though less often marketed as such, there are many items of modern day cycle clothing that would comfortably fit into such a classification. not so much because they differ from other items in the same range, but principally due to their having been produced in less than plentiful numbers. succinctly put, when they run out, they run out; a veritable limited edition.
however, very much in the deliberate category are the marvellous cycle caps currently proffered by shutt velo rapide. their website presently displays three limited edition tweed caps of blue, pale pink and green hue, hand made in leicester from isle of man tweed. the singular item that i currently have as cossetting for my head (always peak down) is a limited edition manx tweed in a rustic shade of tweedy greyish green, an item of headwear that revels in its fabulous tactility. and not only is it described as limited edition, it fulfils that promise by being accompanied with a certificate attesting to the very same; in this case, i have number 16 of 18 made.
though of slightly hardier constitution than the more common or garden cotton variety, it still fits comfortable under a range of different helmets, while owning a distinctly subtle personality allowing it to become a part of the day to day. the three panel design features a contrasting brow liner bordering a breathable and anti-static lining, making it easy to see why you would pay £39 for the privilege of ownership. and as if to underline your undoubted sartorial excellence, the word shutt is embroidered in a contrasting coloured script up front.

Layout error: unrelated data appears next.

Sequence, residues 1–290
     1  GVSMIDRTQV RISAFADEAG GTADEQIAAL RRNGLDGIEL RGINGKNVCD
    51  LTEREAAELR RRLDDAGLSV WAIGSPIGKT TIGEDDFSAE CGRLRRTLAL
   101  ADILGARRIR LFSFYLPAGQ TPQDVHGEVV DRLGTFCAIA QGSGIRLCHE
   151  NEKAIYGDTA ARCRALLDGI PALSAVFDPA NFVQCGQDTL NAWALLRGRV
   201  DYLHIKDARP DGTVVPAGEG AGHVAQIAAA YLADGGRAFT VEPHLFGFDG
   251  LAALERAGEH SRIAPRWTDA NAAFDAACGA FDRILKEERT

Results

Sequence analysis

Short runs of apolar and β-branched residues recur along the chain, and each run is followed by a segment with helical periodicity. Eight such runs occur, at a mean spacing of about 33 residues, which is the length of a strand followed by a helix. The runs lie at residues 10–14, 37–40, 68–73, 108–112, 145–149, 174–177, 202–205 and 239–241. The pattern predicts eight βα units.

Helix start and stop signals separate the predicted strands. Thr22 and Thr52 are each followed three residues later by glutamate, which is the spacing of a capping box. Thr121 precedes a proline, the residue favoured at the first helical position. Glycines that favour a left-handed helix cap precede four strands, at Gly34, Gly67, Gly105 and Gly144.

many of the less than limited edition caps that feature on the heads of the pros almost immediately inhabit a level of ubiquity, but though i'd advise against carrying that certificate of authenticity everywhere you go, there is always space for the more refined item amongst the pelotonese.
wednesday 4 december 2013..........................................................................................................................................................................................................
several years ago i had a conversation with rapha's simon mottram that, aside from the usual banter, took in a range of rapha related topics revolving around several then unannounced products. i'm good at keeping secrets. during this dialogue, he mentioned that perhaps one of the ultimate aims would be that rapha became simply a brand, always related to cycling, but not necessarily always centred round the provision of riding apparel, whether for the open road or city riding.